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Large-scale gene losses underlie the genome evolution of parasitic plant Cuscuta australis

By Guiling Sun, Yuxing Xu, Hui Liu, Ting Sun, Jingxiong Zhang, Christian Hettenhausen, Guojing Shen, Jinfeng Qi, Yan Qin, Jing Li, Lei Wang, Wei Chang, Zhenhua Guo, Ian Thomas Baldwin, Jianqiang Wu

Posted 20 Mar 2018
bioRxiv DOI: 10.1101/285593 (published DOI: 10.1038/s41467-018-04721-8)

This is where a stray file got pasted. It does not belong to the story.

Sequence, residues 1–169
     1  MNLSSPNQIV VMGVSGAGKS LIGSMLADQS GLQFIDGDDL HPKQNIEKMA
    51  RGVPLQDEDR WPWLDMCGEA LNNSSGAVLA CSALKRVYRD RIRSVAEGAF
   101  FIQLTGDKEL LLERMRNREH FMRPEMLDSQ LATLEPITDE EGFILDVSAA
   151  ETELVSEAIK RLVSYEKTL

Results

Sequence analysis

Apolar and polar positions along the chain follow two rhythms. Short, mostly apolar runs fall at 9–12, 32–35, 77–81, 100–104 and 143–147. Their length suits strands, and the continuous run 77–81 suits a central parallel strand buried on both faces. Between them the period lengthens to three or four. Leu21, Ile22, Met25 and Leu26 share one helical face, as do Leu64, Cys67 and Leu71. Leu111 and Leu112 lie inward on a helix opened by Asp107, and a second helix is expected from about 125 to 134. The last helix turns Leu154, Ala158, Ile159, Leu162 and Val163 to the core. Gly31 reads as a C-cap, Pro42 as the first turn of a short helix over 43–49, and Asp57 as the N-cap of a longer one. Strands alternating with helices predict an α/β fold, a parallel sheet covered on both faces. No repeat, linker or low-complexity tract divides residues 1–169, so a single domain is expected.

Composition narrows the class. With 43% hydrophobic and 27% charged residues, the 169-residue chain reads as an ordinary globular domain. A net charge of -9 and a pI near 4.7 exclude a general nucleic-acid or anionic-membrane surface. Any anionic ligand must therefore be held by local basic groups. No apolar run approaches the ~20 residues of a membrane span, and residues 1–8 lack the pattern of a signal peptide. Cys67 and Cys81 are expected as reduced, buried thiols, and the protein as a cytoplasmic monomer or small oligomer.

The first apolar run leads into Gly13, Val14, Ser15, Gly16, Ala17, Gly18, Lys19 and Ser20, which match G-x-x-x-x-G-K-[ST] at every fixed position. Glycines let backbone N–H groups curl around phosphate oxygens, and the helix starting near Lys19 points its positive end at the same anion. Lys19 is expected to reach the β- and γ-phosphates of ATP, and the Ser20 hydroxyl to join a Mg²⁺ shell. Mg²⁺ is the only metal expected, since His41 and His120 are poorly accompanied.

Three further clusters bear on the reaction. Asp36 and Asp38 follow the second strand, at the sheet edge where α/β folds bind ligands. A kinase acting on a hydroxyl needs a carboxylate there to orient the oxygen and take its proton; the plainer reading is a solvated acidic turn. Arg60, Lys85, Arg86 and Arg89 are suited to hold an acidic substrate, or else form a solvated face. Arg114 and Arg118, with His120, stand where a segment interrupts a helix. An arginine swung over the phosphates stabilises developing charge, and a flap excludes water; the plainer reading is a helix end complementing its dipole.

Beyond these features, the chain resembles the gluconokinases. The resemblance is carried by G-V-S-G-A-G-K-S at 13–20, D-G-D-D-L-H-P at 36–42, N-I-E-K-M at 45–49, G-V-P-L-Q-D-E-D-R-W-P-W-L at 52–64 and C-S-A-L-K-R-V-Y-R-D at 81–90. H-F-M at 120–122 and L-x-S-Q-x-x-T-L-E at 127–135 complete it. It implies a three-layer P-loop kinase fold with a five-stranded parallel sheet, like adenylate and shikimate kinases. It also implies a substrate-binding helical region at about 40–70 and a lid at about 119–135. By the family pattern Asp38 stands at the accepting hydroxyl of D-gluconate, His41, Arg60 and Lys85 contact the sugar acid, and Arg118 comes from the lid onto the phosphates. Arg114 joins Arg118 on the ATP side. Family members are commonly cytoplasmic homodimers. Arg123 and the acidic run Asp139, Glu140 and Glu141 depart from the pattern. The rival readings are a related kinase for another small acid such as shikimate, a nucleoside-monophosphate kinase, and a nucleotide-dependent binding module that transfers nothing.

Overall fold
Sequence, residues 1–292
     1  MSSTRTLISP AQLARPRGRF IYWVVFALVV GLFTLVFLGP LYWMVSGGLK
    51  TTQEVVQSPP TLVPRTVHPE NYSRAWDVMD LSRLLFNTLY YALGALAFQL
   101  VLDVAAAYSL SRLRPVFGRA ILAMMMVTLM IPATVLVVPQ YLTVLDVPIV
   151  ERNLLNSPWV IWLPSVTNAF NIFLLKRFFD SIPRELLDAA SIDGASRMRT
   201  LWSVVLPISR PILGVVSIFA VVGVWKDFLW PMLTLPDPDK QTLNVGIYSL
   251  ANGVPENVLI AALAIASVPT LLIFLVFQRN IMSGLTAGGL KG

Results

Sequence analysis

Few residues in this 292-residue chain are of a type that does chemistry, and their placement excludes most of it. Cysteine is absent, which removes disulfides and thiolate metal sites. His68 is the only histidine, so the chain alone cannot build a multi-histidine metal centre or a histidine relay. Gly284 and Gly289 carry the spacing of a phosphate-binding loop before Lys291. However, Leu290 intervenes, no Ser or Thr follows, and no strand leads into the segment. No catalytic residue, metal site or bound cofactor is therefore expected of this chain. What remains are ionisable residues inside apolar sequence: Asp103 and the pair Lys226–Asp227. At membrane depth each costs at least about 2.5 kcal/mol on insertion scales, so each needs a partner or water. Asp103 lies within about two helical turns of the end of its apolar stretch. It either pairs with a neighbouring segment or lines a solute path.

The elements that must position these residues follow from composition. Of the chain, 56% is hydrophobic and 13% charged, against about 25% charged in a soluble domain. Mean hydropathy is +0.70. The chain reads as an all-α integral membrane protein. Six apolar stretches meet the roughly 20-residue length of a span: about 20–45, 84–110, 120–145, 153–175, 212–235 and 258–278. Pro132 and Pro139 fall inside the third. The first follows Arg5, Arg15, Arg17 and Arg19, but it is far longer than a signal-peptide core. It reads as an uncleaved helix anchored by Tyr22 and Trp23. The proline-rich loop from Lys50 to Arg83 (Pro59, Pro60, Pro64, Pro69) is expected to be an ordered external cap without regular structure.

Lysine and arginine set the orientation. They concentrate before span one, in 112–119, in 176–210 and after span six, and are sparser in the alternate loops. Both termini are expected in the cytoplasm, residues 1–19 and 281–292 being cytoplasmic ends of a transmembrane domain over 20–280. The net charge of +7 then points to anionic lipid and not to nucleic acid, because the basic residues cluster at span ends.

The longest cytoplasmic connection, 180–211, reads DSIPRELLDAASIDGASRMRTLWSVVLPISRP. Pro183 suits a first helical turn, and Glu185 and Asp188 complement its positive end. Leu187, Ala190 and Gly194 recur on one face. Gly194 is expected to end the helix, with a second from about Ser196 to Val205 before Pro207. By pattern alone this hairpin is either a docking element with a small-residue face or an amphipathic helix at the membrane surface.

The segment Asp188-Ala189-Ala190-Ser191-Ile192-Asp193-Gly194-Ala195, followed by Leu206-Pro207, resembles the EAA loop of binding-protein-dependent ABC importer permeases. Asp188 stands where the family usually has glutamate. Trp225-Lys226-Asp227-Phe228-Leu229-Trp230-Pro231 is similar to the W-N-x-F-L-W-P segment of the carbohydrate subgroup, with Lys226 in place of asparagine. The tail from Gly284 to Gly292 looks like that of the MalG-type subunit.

Dodders (Cuscuta spp., Convolvulaceae) are root- and leafless parasitic plants. The physiology, ecology, and evolution of these obligate parasites are poorly understood. A high-quality reference genome of Cuscuta australis was assembled. Our analyses reveal that Cuscuta experienced accelerated molecular evolution, and Cuscuta and the convolvulaceous morning glory (Ipomoea) shared a common whole-genome triplication event before their divergence. C. australis genome harbors 19671 protein-coding genes, and importantly, 11.7% of the conserved orthologs in autotrophic plants are lost in C. australis. Many of these gene loss events likely result from its parasitic lifestyle and the massive changes of its body plan. Moreover, comparison of the gene expression patterns in Cuscuta prehaustoria/haustoria and various tissues of closely related autotrophic plants suggests that Cuscuta haustorium formation requires mostly genes normally involved in root development. The C. australis genome provides important resources for studying the evolution of parasitism, regressive evolution, and evo-devo in plant parasites.

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